The Charitable Trusts Act specifies that, if a trust has a charitable purpose, it’s not strictly necessary each time that replacement trustees are appointed for there to be new documentation recording that the new trustees are the legal owners of the trust property. Instead the Act states that at any given time the owners of the trust’s property will be whoever are the trustees at that time.

However, despite those provisions in the Act, most trust deeds will require some form of documentation of the new trustees’ legal ownership of the trust property.

Trustees: Their powers, duties and liabilities

Powers of trustees

Trustee Act 1956, ss 13A, 14, 15, 24, 29, 31

Trustees have the following powers under the Trustee Act 1956:

  • to invest the trust’s funds
  • to sell, exchange, lease, rent out or mortgage any of the trust’s property
  • to insure any of the trust’s property
  • to obtain valuations for any of the trust’s property
  • to spend trust funds on repairs, maintenance, renovations or improvements of trust property
  • to employ or hire other people (such as lawyers and accountants) to act as agent for the trustee in doing things necessary for administering the trust (this can also include employing a trustee corporation such as Public Trust to invest trust funds)
  • to reimburse themselves for the charges and expenses they incur in hiring those other people to act for them
  • to delegate their powers to another person (by a deed granting a power of attorney) if the trustee is, or is going to be, out of the country or physically incapable of being trustee for a period (if going into hospital for example)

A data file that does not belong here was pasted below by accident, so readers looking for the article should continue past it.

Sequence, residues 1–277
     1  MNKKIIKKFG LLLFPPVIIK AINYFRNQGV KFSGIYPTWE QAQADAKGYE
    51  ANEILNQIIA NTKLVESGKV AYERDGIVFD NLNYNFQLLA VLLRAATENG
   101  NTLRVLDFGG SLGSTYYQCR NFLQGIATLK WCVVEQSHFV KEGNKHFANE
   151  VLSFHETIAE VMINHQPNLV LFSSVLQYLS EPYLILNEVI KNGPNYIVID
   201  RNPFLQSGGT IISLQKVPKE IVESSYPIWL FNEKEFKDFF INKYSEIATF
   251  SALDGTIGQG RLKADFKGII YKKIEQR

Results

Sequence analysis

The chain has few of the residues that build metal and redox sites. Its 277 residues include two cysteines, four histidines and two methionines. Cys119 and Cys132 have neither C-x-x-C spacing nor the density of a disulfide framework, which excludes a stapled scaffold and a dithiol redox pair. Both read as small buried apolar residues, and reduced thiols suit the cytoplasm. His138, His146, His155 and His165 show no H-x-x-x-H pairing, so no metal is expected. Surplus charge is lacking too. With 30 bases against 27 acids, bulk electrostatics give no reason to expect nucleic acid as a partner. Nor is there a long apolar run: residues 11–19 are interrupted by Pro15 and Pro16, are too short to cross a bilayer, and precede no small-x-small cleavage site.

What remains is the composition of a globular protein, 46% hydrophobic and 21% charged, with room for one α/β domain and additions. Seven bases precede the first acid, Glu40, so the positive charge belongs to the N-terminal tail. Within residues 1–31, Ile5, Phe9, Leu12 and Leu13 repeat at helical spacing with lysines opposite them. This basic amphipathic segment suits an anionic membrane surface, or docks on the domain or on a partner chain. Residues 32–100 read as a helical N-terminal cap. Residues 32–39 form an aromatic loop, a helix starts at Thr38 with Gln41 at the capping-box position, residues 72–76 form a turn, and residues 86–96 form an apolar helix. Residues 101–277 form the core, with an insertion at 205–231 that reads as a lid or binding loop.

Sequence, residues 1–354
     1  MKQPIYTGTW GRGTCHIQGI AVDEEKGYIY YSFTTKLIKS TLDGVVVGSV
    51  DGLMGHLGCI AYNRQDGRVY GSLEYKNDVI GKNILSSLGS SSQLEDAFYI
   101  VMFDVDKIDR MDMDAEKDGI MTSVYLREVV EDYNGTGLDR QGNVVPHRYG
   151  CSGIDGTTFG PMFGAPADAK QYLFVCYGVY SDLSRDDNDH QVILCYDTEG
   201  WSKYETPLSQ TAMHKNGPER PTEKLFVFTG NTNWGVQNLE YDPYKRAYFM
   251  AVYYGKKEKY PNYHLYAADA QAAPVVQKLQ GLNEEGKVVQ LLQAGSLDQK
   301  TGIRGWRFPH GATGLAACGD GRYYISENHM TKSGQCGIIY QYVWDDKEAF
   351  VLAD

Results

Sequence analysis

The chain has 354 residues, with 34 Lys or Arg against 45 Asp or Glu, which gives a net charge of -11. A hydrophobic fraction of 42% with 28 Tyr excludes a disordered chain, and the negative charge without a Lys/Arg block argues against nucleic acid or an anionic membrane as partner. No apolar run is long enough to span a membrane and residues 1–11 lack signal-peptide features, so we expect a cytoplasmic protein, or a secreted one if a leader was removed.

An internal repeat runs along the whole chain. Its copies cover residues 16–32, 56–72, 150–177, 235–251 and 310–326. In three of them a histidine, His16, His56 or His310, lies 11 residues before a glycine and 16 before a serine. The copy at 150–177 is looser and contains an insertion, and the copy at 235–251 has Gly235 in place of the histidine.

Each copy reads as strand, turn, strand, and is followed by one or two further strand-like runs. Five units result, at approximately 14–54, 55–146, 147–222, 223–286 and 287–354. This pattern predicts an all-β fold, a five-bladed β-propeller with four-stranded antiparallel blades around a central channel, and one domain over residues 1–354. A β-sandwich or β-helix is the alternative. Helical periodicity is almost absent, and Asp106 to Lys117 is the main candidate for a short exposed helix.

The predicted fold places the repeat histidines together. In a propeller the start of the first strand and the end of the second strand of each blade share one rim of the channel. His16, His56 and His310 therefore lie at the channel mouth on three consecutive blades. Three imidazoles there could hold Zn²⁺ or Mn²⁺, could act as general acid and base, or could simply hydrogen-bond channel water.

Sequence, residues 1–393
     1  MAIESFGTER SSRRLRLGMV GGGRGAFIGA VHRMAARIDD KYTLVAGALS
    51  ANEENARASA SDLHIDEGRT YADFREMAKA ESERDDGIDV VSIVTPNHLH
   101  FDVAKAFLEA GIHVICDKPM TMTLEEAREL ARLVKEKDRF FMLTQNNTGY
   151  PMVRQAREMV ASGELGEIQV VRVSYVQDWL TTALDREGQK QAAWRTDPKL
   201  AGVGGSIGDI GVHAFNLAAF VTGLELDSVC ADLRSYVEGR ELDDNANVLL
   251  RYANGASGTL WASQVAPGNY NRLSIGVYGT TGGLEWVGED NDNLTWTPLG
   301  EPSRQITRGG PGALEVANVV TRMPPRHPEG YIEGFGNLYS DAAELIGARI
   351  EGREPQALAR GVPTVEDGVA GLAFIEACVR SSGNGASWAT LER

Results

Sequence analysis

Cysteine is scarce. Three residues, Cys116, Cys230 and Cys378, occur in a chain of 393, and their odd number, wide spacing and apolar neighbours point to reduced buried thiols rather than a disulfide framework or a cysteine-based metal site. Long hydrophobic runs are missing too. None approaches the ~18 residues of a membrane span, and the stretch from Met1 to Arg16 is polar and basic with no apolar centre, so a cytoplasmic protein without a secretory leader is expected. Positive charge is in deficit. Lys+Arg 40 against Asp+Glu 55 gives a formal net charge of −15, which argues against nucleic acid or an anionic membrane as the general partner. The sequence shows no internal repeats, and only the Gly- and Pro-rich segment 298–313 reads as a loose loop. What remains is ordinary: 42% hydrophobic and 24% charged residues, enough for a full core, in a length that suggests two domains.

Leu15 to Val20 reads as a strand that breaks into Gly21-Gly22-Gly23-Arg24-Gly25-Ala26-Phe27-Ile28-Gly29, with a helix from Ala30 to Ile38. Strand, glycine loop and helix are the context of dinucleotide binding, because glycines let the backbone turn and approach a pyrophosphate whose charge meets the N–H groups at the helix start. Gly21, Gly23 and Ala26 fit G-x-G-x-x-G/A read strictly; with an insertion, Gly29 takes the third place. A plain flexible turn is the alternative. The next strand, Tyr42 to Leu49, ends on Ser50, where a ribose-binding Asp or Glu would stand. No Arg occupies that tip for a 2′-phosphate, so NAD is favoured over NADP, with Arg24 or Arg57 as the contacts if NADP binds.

Other powers that are often granted by trust deeds include:

  • to buy, lease or hire any land or personal property
  • to borrow money on terms that the trustees think are appropriate
  • to enter into contracts or other arrangements with any individual or body
  • to pay expenses (to themselves or to others) that they’ve incurred in setting up and running the trust
  • to change the powers and rules of the trust – however, if the trust has a charitable purpose, the changes must not detract from that purpose.

If there’s a conflict between the Trustee Act and what’s stated in the trust deed, the Act overrides the deed.

Duties of trustees

Trustee Act 1956, ss 13B-13D, 13F, 13G

The Trustee Act and the common law (law made by the courts) require trustees to:

  • act only for the benefit of the trust, and consistently with the trust rules and the powers given to the trustees
  • exercise due diligence and prudence (reasonable skill and care) in managing the trust
  • comply strictly with the trust deed, unless the deed itself allows the trustees to do otherwise, or the courts or the beneficiaries allow it
  • invest money that’s held on trust
  • keep accurate accounts for the trust property
  • be impartial towards beneficiaries (unless the trust deed says otherwise)
  • not be in a position of conflict of interest (this means where their own personal interests would conflict with their duties as trustees).

Trustees must also:

  • be familiar with the terms of the trust deed, with the trust property, and with the actions of previous trustees
  • act unanimously in making decisions about trust property, unless the trust deed allows majority decisions (with public or charitable trusts, however, the majority of trustees may usually bind the minority)
  • act personally and not delegate responsibilities, unless the trust deed explicitly allows this (recognising that trustees may need expert advice) or the delegation is in one of situations permitted by the Trustee Act (see “Powers of trustees” above).